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(Written in Sanskrit as Krsna with dots under the r, the s and the n). The All-attractive One. Cowherd, warlord, lover, father, husband, friend and vedic sovereign. Vishnu-avatâra.

Krishna depicted in classic indian style

Description of His Life

Lord Krishna took birth in the Yadu-dynasty from Devakî with Vasudeva as His father. According many authorities was that in 3182 B.C. at the eight day in the dark half of the month Bhâdra or S'râvana (August-September). He was born in the prison where his uncle Kamsa had incarcerated His parents after he heard a voice from the sky predict that their eigth son would kill him (see S.B. 10.3). Kamsa (see S.B. 10.4) persecuted Him for that reason so that already in His childhood many demons were killed by Him as He grew up hidden from the enemy with the cowherds first in Gokula and later in Vraja near Mathurâ where he stayed in the forest of Vrindâvana with His foster-parents Nanda and Yas'odâ (see S.B. 10.8). A village with the same name is to the day of today with Him the place of pilgrimage and the center of Krishna-bhakti in the world.

The girlfriend He had there so one says (not directly with her name mentioned in the Bhâgavatam though) is known as Râdhâ or S'rîmate Râdhârânî and the love of those two stands for the purest love of Godhead or personal love for God possible for a human being. The emotionality of that relation is called Rasa and offers for each a wide range of human possibilities to relate to Him spiritually (see also jalpa). His relation with also the other cowherd girls, the gopîs, figures for the relation between Him and His devotees in the form of the different rasas.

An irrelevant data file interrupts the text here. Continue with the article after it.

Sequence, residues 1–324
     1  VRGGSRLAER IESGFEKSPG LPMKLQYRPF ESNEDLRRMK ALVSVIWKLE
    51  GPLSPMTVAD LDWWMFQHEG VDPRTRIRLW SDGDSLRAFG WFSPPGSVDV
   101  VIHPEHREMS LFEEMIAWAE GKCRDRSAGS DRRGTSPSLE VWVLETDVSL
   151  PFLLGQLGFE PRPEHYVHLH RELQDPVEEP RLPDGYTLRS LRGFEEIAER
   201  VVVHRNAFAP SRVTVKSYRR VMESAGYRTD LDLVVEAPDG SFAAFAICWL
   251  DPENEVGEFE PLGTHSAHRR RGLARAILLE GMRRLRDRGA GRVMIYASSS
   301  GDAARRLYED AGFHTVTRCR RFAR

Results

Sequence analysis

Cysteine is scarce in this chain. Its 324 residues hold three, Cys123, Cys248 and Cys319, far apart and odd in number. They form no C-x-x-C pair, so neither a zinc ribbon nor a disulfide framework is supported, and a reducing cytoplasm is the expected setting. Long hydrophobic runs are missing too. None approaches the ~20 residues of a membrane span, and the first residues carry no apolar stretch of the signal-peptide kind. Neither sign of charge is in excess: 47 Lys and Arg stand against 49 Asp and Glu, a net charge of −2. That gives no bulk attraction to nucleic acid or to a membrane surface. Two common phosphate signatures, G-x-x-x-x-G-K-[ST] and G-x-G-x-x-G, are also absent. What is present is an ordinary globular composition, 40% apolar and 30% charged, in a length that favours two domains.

He fought all false rulers on earth and had as His life's mission to take the burden away from the earth. Next to Kamsa whom He defeated first (see S.B. 10.44), were later especially Jarâsandha (see S.B. 10.72) and S'is'upâla (see S.B. 10.74) and their associates His archenemies. He fought them always together with His half-brother Balarâma also called Râma, who was begotten by Vasudeva in another wife of his named Rohinî (see S.B. 10.2: 8) & (S.B. 10.8 :12).

Balarâma is considered His first plenary portion with the same divine status as Him and seen as an incarnation of Sankarshana. For the sake of His mission, had He build a separate city in the ocean named Dvârakâ (see S.B. 10.50) and developed He, married to Rukminî and the 16107 (see S.B. 10.59) other wives He mostly liberated from being controlled by the scoundrels (i.e. Bhaumâsura) that He defeated, an enormous family of over a million members, the Yadus who, when all enemies were defeated, according His will at last fought against each other though, so that also they wouldn't burden the earth (see S.B. 11.30). He assisted His nephew Arjuna as his charioteer during the great battle of Kurukshetra when the entire Kuru-dynasty found its demise as a consequence of the injustice caused by family-attachments and favoritism (see Bhagavad Gîtâ of Order), the 'Song of God'; it is about Lord Krishna explaining to His friend Arjuna who he and He Himself really is.